Unnecessary procedures may be basis for medical malpractice suits

Unnecessary procedures may be basis for medical malpractice suits

| Oct 10, 2015 | Medical Malpractice |

When a doctor tells you that you need heart surgery, you may look at him or her with disbelief. Even if you’ve been having symptoms, it will take some time for that news to sink in. But what if you later discovered that the surgery was unnecessary?

An Ohio cardiologist was recently convicted of performing dozens of unnecessary procedures from stress tests to coronary artery bypass surgeries. His decision to subject his patients to those treatments was motivated by money. He billed Medicare and private insurers $7.2 million for the procedures, resulting in profits of $1.7 million for the doctor.

In his private practice, he not only performed unnecessary nuclear stress tests but also reported false results of the tests to convince his patients that they needed cardiac catheterization procedures. He performed other unnecessary procedures including stent insertions, angiograms, and aortograms from 2006 to 2012. He also took inpatients from a hospital where he had privileges to his office to perform tests so he could bill for them instead of the hospital.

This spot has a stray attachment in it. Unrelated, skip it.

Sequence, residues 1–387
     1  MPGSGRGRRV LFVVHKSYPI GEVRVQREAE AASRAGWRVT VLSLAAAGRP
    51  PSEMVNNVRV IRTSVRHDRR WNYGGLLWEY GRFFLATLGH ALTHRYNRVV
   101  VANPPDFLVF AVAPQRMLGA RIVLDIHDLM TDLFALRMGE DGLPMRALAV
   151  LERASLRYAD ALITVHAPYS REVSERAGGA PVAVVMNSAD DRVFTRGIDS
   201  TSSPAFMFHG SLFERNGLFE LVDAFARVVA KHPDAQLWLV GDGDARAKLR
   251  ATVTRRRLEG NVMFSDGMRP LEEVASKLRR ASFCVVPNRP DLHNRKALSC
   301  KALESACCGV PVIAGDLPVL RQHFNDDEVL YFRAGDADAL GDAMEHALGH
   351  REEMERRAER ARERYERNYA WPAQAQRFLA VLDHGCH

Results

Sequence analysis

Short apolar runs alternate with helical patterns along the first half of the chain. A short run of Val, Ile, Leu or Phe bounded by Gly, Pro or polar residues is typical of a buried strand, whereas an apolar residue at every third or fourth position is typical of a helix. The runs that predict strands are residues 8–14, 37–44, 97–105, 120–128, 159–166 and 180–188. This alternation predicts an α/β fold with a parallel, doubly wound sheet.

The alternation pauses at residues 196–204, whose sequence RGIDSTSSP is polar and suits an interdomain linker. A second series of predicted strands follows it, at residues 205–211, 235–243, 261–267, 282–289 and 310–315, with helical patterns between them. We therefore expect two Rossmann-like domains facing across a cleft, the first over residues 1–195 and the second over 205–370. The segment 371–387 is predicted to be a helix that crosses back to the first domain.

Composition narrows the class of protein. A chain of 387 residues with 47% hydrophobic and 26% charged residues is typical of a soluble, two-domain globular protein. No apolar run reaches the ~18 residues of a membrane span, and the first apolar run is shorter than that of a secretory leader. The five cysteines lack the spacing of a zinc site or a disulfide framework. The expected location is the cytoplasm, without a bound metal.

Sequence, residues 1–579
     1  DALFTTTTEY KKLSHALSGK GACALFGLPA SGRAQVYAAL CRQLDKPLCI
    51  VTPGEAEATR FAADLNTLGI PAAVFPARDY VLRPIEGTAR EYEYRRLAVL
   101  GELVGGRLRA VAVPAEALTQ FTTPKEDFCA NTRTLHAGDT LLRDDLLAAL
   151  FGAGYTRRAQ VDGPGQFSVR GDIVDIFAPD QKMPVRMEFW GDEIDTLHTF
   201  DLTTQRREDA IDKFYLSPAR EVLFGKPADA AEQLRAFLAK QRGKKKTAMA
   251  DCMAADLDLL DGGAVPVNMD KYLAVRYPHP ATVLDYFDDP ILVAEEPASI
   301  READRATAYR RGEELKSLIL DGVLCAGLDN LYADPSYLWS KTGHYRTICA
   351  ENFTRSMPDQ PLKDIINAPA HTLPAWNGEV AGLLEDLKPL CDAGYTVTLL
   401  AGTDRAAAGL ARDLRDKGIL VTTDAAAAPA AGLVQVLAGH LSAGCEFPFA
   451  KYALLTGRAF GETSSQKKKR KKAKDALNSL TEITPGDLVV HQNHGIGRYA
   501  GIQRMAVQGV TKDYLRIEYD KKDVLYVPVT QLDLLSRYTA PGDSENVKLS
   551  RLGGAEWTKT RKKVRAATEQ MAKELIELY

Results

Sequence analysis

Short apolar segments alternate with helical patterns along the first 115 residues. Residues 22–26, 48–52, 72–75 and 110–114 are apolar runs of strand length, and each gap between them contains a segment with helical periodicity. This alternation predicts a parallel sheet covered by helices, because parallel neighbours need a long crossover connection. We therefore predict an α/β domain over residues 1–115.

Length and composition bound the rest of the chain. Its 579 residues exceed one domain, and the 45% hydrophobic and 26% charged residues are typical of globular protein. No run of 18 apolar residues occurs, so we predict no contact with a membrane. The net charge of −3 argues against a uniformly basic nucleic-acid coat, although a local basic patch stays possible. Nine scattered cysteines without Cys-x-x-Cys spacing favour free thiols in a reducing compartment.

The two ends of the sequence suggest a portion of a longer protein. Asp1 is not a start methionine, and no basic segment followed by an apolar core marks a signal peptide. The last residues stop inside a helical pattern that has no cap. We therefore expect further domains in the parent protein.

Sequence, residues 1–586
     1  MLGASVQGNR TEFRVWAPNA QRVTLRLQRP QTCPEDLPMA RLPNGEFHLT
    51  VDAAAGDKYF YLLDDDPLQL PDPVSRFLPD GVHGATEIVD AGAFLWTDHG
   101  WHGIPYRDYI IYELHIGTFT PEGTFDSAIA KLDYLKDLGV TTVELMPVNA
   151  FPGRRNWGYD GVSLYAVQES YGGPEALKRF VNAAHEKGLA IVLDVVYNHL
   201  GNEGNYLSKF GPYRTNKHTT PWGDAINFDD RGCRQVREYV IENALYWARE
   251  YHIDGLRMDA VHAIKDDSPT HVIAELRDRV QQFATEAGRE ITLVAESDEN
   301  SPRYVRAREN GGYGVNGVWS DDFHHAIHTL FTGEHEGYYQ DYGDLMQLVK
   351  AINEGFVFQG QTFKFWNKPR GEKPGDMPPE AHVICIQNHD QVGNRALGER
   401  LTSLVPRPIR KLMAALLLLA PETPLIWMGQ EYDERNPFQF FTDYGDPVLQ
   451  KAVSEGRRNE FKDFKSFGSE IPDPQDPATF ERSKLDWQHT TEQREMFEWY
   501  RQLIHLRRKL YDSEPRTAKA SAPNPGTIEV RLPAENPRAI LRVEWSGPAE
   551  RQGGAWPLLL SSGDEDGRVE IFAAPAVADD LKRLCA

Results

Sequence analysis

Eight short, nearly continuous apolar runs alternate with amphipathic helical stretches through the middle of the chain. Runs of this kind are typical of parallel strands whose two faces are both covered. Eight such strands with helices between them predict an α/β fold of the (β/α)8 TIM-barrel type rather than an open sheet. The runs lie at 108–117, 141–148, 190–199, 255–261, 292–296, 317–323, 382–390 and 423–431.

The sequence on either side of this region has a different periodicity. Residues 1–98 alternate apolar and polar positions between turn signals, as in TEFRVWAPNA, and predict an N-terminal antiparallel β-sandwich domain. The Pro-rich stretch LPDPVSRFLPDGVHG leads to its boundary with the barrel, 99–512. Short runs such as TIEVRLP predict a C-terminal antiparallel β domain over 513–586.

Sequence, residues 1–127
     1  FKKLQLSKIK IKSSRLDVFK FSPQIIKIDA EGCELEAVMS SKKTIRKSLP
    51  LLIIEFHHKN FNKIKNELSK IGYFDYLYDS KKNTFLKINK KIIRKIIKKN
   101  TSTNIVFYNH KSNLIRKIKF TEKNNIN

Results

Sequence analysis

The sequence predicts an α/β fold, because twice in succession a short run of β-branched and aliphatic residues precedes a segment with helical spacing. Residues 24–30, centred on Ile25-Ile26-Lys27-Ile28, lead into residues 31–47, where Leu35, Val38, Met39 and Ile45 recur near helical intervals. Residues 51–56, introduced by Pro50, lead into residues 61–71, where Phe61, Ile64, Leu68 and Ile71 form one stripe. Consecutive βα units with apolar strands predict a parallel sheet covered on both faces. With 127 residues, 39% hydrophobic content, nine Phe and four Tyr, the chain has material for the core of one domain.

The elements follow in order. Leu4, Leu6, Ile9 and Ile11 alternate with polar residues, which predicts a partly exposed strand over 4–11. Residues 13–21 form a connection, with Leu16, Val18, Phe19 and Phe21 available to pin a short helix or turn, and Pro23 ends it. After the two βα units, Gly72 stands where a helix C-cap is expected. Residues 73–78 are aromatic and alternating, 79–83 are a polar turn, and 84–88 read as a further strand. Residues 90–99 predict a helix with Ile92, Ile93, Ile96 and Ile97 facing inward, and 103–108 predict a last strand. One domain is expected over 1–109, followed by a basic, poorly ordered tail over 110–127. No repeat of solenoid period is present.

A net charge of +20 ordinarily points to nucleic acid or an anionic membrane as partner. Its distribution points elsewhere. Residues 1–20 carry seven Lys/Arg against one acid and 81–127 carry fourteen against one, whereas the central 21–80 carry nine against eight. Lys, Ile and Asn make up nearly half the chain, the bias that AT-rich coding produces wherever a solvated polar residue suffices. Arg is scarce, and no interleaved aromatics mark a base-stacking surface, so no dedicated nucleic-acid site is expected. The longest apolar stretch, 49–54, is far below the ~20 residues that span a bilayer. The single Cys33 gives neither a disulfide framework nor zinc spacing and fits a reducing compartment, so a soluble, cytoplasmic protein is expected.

The doctor’s defense team argued that the tests and other procedures were conducted based on his discretion as a physician. The prosecution said that, while doctors can make mistakes, these decisions were based on intentional wrongdoing for the purpose of profit. The doctor was also charged with money laundering for transferring funds to his wife’s bank account during the investigation.

Several malpractice suits have already been filed against the doctor based upon his unethical practices. But the type of evidence required in a criminal prosecution and a civil suit for medical malpractice are very different. Even with his criminal conviction, each individual case of unnecessary tests and procedures must be judged on its own merits according to Ohio law. An attorney who handles medical malpractice cases in Ohio can help you determine whether the facts of your case, in this one or others, rise to the level of negligence required to recover compensation for your injuries.

Source: Becker’s Hospital Review, “Ohio physician convicted of performing unnecessary heart procedures,” Ayla Ellison, Sept. 28, 2015

Secondary Source: Cleveland.com, “Westlake cardiologist guilty of performing unnecessary procedures for insurance payouts,” Eric Heisig, Sept. 25, 2015